Nigeria should Fix her Broken System to Impact Quality of Governance (2)

Restructuring is reform, a meaningful change. A rearrangement or strategic repositioning in a manna that enable managers of state resources to produce and distribute essential deliverables (tangible and intangible) to the people.

Voices supporting restructuring at the moment are not only climbing but cloud and deafening. There is massive shift already in rhetoric and public opinion about restructuring the country. And notwithstanding however, FGs insincerity in assembling a team in 2018 to collate information from the public on restructuring with a view to implementing it, the mere fact that the conversation had taken place underscore the shift in dynamic of government on the subject.

Pastor Tunde Bakare of the Latter Rain Assembly very recently talked about devolution of power at the center and strengthening the regions instead to function properly. He referenced the 1963 Nigeria constitution where there was healthy competition among regions. He cited some landmark projects executed by regional governments at the time and stressed that restructuring is the way to go to progress Nigeria.

Other loud voices are NGOs in advocacy and social works, seasoned commentators, especially on national issues et cetera. The Pan Niger Delta Forum, an apex socio-cultural organization for the South South geo- political region has been hammering on resource control which is only possible through reform.

The failure to restructure or adopt change in the mechanism of governance in Nigeria at the moment is invitation to anarchy. A forced union as is obvious in Nigeria’s case, irrespective of the degree of intensity- hard or subtle, is prone to dysfunction aside resistance by parties especially at receiving ends.

A news item I read, a long time though, in a national tabloid may perhaps increase our comprehension on how coerce unions impact relationships. The case was that of murder of two men in their thirties by a supposedly married 14-year minor in one of the core northern state. According to Police statement, she confessed to disrupting the meal with rat poison before serving the three individuals said to have return from the farm. The third victim that was spared said after taking the initial dip, he complained of the awkward taste and withdrew but the duo continued. Her reason for doing it according to Police report was her disapproval of the marriage which was foist on her by her parents.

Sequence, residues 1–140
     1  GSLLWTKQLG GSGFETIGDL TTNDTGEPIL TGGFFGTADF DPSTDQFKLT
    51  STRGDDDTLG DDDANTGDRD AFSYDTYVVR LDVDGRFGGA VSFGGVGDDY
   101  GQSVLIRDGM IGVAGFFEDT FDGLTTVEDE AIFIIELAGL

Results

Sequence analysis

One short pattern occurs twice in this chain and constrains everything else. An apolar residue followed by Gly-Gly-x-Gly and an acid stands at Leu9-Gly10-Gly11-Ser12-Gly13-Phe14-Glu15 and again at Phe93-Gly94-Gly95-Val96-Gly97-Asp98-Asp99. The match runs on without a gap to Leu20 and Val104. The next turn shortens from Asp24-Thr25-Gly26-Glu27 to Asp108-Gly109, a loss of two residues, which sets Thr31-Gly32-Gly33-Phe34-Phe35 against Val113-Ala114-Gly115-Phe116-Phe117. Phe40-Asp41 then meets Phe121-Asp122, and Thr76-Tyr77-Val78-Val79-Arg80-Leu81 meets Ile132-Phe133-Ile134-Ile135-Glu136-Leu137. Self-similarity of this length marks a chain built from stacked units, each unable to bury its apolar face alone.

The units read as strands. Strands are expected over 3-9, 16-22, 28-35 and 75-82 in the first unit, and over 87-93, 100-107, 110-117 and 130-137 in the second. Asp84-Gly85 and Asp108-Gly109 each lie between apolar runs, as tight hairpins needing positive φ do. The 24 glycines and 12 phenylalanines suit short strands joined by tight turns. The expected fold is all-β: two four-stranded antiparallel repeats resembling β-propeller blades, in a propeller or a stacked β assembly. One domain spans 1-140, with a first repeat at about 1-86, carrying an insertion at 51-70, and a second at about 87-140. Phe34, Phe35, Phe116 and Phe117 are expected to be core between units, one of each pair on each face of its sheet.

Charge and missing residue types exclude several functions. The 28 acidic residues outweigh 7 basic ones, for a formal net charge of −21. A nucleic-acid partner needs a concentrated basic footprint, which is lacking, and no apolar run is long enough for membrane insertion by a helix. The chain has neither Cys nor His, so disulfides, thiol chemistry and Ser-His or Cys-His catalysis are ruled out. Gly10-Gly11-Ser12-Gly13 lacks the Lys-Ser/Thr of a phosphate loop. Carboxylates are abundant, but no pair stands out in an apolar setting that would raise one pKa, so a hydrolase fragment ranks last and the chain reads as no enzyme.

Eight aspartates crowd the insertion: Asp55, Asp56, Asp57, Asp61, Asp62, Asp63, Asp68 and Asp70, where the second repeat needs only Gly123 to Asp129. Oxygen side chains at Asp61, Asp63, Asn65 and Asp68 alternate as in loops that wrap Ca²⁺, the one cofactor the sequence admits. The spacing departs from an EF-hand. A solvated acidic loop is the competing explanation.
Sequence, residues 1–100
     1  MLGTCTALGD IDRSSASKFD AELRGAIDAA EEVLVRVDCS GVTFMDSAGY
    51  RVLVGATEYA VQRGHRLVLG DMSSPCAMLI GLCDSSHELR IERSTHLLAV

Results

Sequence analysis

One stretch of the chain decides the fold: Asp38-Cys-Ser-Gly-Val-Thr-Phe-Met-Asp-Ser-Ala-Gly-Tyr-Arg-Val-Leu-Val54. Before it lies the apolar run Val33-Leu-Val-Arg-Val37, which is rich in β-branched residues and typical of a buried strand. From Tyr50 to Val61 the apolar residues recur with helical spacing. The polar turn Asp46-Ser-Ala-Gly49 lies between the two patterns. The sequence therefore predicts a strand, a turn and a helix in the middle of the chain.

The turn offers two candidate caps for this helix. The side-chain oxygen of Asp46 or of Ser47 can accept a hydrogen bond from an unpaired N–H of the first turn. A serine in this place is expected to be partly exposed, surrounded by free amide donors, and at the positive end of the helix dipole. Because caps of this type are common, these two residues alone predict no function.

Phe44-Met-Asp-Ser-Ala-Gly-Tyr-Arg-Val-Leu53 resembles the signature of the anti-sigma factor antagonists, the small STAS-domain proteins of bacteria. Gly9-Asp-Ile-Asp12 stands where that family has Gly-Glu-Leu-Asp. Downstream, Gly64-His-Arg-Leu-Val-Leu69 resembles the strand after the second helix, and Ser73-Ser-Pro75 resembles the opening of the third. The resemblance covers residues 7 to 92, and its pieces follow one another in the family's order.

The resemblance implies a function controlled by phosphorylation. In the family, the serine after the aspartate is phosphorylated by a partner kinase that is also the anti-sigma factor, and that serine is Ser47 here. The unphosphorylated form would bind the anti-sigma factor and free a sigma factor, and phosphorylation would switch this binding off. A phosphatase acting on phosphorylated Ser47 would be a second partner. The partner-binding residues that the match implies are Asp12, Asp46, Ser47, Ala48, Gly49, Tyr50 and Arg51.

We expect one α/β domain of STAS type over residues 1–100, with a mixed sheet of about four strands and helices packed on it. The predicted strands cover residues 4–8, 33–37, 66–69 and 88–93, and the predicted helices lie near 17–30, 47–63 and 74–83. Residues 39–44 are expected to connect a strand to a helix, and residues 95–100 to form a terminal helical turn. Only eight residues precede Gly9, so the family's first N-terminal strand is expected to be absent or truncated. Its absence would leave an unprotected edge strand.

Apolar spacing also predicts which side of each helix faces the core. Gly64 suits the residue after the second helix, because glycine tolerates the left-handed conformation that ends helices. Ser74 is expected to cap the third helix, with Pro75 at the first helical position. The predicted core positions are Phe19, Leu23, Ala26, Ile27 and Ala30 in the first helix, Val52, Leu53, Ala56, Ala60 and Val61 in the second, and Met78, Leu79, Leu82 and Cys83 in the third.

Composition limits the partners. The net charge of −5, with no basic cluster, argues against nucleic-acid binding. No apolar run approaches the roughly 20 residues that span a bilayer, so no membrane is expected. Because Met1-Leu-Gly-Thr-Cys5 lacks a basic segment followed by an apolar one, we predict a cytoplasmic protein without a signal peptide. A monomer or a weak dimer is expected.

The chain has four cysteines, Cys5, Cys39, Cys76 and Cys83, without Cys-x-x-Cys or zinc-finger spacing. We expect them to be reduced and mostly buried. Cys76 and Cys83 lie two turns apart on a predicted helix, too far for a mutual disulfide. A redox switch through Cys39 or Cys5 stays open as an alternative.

Resetting my earlier stand, restructuring as I know it does not amount to disproportionate thought to deny hitherto beneficiaries of stipulated largesse or to secede. But let’s assume, though unlikely, that we find ourselves at the fringes or even crossing the red line, the outcome is still desirable. Indeed, it is a win win package that provides succor for parties involved notwithstanding the degree of gain which may unequally be treasured.

The oil sector in the country has suffered serial setbacks primarily because of the unwillingness on the part of government to reform. Petroleum Industry Bill which is a product of good research and convergence of industry views has been hanging in the national assembly for upsetting years now.

The traditional fire brigade approach to quelling public dissent is brute, offensive, extreme, yet produce incommensurate result. The recent resolution from the meeting of IGP with security captains based on intelligence report on resurgence of #EndSARS protest is uncalled for. Specifically, aside the usual lines of warning, the IG threatened that new protests would be treated as treason to overthrow the government and would carry the full weight of the law. This matter is beyond tough talking. Government should do the needful, not quick fix, but retuning the structure of governance.

And dwelling on two of the challenges highlighted in part 1, not by reason of importance though, but exigency, are security and employments/appointments.

The security lapse in Nigeria particularly in the north east region of recent is to say the least, worrisome. President Buhari was quoted recently as saying in response to the Borno farmers incidence that “government has given all the needed support to the arm forces to take all necessary steps to protect the country’s population and its territory.” This feels like a helpless comment from the Commander-in-Chief or what’s your thought.

The Chairman of Nigeria Governor’s Forum and governor of Ekiti state, Kayode Fayemi while referencing the gruesome murder of some farmers in Borno state said, “the reality that we can all see is that our military is overwhelmed, our military is no longer in a position to single-handedly tackle this menace effectively.” The Northern Elders Forum lamenting on the incidence as well, said, “under this administration, life has lost its value, and more and more citizen are coming under the influence of criminals.” These twin comments, exacerbated by Mr. Presidents cluelessness, gives us a reasonably clear picture of the pathetic state of security in Nigeria at the moment.